industry's chronological depth, technological breadth and regional diversity.
Extensive coal workings are typical of the medieval and post-medieval coal
industry, although this style of exploitation continued into the early 20th
century in some marginal areas which were worked on a very small scale with
little capital investment. In its simplest form extensive workings took coal
directly from the outcrop, digging closely spaced shallow pits, shafts or
levels which did not connect underground. Once shallower deposits had been
exhausted, deeper shafts giving access to underground interconnecting
galleries were developed. The difficulties of underground haulage and the need
for ventilation encouraged the sinking of an extensive spread of shafts in the
area worked. The remains of extensive coal workings typically survive as
surface earthworks directly above underground workings. They may include a
range of prospecting and exploitation features, including areas of
outcropping, adits and shaft mounds (circular or sub-circular spoil heaps
normally with a directly associated depression marking the shaft location). In
addition, some sites retain associated features such as gin circles (the
circular track used by a horse powering simple winding or pumping machinery),
trackways and other structures like huts. Some later sites also retain
evidence of the use of steam power, typically in the form of engine beds or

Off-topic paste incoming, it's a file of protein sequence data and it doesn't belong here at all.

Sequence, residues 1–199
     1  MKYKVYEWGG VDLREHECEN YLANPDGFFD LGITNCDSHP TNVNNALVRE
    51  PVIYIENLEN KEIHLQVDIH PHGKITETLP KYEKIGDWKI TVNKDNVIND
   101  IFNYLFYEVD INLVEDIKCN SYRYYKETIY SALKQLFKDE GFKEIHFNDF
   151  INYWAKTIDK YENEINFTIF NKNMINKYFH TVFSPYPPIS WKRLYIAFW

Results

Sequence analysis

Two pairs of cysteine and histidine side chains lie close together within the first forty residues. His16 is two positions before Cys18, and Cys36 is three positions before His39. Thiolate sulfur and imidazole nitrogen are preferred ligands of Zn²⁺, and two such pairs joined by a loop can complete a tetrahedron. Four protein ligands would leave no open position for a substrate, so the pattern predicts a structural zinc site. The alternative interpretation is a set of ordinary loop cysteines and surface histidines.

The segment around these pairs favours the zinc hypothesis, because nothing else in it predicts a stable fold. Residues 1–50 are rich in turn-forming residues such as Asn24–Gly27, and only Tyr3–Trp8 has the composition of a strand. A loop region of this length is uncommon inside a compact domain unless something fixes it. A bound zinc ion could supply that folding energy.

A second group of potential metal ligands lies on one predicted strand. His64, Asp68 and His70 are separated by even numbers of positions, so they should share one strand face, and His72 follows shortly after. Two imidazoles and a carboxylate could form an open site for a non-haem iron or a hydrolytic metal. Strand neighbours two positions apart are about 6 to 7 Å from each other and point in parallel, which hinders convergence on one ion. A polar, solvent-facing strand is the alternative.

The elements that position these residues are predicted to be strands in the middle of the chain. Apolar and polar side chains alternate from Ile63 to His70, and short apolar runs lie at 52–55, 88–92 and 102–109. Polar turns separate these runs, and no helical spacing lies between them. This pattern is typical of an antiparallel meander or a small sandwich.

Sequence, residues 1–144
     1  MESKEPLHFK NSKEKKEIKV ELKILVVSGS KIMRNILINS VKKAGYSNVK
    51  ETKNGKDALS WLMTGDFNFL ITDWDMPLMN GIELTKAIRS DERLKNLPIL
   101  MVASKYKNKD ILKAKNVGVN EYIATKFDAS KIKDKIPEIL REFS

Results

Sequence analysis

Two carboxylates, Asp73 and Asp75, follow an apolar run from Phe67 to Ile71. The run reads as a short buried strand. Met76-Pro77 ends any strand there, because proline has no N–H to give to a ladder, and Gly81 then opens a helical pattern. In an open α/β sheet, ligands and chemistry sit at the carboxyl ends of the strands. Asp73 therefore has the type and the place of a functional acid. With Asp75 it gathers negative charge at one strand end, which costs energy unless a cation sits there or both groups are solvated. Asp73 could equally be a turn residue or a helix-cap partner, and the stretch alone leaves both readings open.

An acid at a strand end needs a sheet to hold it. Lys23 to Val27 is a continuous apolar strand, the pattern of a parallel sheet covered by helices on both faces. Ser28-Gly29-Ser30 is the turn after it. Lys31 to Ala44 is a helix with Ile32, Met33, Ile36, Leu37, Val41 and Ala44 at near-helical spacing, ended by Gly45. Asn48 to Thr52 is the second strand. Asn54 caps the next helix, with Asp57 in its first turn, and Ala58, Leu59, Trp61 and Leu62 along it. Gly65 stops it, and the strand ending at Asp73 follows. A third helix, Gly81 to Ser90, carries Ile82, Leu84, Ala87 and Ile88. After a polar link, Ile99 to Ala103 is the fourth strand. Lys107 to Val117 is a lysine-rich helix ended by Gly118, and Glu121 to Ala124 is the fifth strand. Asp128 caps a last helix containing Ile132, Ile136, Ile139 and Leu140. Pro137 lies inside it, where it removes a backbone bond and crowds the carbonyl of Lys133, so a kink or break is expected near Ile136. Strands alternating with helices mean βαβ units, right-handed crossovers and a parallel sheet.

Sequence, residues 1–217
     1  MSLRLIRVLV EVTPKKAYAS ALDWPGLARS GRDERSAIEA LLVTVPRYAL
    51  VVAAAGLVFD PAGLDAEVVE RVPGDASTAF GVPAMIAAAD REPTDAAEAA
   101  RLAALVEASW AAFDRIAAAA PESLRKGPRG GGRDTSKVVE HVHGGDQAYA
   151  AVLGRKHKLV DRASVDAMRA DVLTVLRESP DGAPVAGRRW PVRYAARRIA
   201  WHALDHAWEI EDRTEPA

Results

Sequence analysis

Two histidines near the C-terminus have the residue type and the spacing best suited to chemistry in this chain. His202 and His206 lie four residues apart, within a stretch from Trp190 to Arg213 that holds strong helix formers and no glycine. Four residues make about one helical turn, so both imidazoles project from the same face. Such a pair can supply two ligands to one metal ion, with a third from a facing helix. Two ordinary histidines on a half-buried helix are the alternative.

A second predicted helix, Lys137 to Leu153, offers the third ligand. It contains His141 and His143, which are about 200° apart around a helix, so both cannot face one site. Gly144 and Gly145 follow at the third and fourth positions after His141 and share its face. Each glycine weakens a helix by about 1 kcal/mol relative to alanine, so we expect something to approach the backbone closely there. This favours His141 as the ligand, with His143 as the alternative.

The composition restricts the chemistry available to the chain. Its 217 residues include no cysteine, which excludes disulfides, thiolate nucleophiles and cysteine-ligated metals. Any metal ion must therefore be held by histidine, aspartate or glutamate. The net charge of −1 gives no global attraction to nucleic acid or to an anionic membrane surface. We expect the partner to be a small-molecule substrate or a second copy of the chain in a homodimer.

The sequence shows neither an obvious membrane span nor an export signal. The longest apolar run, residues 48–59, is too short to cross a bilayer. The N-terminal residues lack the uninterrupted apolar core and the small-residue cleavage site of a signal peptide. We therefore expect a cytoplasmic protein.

small reservoirs. Extensive coal mines vary considerably in form, depending on
the underlying geology, their date, and how the workings were originally
organised. Sites can include several hundred shafts spread over an extensive
Coal occurs in significant deposits throughout large parts of England and this
has given rise to a variety of coalfields extending from the north of England
to the Kent coast. Each region has its own history of exploitation, and
characteristic sites range from the small, compact collieries of north
Somerset to the large, intensive units of the north east. A sample of the
better preserved sites, illustrating the regional, chronological and
technological range of extensive coal workings, together with rare individual
component features are considered to merit protection.

The well-preserved shaft mounds and earthwork formations in Lount Wood
demonstrate that these early coal mining remains have survived without
disturbance by later workings, and will contain valuable technological
information on cutting and other aspects of the medieval coal mining industry.
The Lount Wood monument is one of several in the historic mining area of
Coleorton, each of which preserves a distinctive period or type of working and
which together represent a cross-section of mining techniques from the
medieval period to the late 20th century. It will contribute to an
understanding of coal mining technology and organisation employed, it is
thought, from at least the 14th century.

Source: Historic England